tendency of spreading the flame in radialially outward indicating heat exchange processes in a boiler of a thermal power plant”,
the fact that higher vane angle results in spreading of the flame Energy Production Systems Research Group, Alegre – RS –
towards the kiln walls which is undesirable. These results need Brasil, 90619-900.
to be validated by experimentation in laboratory / plant.
APPENDIX - A
CONCLUSION

CFD modelling carried out for a full scale rotary cement kiln with
multi channel coal burner using commercial CFD code
Fluent-6.3.26. The study included developing and combining the
models of gas-solid flow and modelling of pulverized coal
combustion. Heat transfer model with zone wise heat transfer
coefficient accounting for the heat transfer from flue gas to
reacting mass and surroundings has been presented.

Four different cases have been studied where the vane angles of
the swirler of the burner were varied from 22.5 ° to 45° and
impacts of swirler angle on flame profile, temperature distribution
and species concentration were predicted. Results indicate that
lowering the vane angle from 30 to 22.5° leads to contraction of
higher temperature zone radially, which is desirable. With higher
vane angle 37.5 & 45°, length of the flame reduces, however,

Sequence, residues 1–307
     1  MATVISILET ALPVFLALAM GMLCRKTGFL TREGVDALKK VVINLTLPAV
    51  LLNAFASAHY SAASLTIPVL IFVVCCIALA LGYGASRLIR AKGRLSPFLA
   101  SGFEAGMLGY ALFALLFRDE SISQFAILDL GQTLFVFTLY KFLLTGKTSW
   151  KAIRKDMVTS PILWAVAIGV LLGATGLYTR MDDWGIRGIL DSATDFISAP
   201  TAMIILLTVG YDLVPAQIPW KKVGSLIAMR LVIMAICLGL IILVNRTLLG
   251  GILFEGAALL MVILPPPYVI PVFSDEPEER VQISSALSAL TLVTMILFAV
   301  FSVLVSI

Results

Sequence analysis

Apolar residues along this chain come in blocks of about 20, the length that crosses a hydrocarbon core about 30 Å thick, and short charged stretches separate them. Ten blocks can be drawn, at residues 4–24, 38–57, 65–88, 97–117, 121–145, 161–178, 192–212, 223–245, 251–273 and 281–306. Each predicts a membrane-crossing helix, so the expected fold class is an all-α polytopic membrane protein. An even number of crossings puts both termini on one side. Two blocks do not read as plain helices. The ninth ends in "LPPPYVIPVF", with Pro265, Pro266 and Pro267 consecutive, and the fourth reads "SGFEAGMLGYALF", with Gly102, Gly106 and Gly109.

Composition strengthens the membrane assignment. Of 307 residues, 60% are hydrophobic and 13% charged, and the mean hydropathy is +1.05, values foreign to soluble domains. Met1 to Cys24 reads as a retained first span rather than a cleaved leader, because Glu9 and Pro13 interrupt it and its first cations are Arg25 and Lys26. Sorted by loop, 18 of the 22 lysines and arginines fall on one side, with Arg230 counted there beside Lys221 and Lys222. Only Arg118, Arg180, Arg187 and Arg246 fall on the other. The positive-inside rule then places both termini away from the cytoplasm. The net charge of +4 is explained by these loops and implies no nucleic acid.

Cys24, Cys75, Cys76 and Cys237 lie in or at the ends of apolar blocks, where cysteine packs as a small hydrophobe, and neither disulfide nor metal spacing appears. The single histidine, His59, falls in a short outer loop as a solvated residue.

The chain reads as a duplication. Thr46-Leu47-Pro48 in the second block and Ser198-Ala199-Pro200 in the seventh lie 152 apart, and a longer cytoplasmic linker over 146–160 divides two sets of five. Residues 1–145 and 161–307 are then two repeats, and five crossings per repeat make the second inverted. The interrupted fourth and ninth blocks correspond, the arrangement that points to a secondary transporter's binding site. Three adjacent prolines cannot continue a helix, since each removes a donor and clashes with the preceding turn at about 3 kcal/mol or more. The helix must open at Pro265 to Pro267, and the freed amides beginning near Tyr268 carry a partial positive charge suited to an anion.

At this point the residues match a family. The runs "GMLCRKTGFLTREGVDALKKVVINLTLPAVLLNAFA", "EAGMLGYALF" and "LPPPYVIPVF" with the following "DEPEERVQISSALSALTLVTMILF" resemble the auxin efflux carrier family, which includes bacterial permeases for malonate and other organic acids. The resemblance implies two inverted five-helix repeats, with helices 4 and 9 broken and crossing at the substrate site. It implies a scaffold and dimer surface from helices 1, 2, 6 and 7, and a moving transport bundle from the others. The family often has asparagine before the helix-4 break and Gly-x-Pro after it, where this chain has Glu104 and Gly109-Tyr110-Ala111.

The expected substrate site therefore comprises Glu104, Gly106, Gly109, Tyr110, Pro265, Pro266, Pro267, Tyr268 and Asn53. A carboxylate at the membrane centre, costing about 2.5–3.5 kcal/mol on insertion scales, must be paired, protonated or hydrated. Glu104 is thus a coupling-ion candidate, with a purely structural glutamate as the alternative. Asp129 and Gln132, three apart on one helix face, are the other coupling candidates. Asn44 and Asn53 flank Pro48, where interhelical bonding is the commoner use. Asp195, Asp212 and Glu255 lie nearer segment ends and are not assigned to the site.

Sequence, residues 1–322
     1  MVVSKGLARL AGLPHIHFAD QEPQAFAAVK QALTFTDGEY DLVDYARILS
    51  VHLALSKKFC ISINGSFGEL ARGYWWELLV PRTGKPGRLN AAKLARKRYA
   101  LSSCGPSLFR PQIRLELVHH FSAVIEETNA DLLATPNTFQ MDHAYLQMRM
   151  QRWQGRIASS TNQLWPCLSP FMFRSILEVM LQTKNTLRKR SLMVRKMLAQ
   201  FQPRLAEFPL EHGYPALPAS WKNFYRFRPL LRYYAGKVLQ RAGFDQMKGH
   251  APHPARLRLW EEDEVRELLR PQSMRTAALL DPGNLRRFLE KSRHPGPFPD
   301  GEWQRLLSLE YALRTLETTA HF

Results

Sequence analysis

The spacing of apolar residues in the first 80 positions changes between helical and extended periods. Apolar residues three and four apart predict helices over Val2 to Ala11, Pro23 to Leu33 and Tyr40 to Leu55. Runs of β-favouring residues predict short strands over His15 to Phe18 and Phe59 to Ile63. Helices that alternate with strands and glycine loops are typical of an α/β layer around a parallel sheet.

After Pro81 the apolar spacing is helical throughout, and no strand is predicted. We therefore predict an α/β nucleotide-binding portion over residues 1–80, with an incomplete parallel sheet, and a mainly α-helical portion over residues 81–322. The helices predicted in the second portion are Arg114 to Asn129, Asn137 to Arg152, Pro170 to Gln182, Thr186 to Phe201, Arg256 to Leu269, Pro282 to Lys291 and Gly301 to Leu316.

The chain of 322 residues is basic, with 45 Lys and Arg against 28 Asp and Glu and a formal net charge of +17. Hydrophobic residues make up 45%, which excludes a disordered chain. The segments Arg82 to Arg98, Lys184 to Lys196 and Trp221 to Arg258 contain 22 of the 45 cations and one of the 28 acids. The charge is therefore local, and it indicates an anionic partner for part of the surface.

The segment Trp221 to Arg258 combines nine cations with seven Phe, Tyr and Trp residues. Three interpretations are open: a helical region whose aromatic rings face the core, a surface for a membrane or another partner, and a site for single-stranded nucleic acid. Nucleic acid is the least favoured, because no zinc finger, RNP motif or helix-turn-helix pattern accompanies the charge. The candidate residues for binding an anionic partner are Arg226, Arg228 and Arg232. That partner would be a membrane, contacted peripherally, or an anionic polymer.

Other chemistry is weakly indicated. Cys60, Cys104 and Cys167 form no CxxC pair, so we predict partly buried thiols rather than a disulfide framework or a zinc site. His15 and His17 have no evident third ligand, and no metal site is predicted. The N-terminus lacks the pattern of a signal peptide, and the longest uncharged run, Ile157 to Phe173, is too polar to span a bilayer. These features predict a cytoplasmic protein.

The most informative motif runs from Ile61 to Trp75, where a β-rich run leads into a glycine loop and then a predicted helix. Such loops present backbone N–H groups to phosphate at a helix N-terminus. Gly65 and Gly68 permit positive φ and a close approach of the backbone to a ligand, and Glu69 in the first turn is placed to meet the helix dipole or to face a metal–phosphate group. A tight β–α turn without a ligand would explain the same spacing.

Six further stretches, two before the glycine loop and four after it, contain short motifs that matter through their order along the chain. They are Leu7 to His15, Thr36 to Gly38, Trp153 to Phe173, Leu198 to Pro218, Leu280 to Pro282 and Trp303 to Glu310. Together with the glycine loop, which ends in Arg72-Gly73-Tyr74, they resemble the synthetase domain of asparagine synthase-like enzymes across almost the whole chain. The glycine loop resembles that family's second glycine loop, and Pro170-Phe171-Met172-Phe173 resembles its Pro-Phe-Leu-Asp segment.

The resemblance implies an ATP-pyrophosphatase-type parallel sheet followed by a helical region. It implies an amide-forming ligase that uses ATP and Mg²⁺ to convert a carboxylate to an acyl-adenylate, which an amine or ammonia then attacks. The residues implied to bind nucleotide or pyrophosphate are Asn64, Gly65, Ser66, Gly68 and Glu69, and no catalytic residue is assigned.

higher temperature zone spreads radially towards the refractory
wall. Though changing the vane angles have some effect on flame
profile, however, it does not have substantial effect on the overall
temperature distribution inside the kiln.

This study gives a direction towards benefit of lower vane angle.


However, for the optimum vane angle further studies are needed
with validation of results through experimentation.

REFERENCES

1. GHOSHDASTIDAR P. S., ANANDAN UNNI, V. K., (


1996), “Heat transfer in the nonreacting zone of a cement rotary
kiln”, J. Eng. Ind., Trans. ASME, 118 (1), 169-171.
2 LOCHER, G., (2002), “Mathmatical models for the
cement clinker burning process. Part 1: Reactions and unit
operations”, ZKG Int., 55 (1), 29-38.
3. LOCHER, G., (2002), “Mathmatical models for the
cement clinker burning process. Part 2: Rotary kiln”, ZKG Int.,
55 (3), 68-80.
4. MASTORAKOS E., MASSIAS, A., TSAKIROGLOU,
C. D., (1999), “CFD predictions for cement kilns including flame
modelling, heat transfer and clinker chemistry”, Appl. Math.
Modelling, 23, 55-76.

Copyright © 2009 CSIRO Australia 7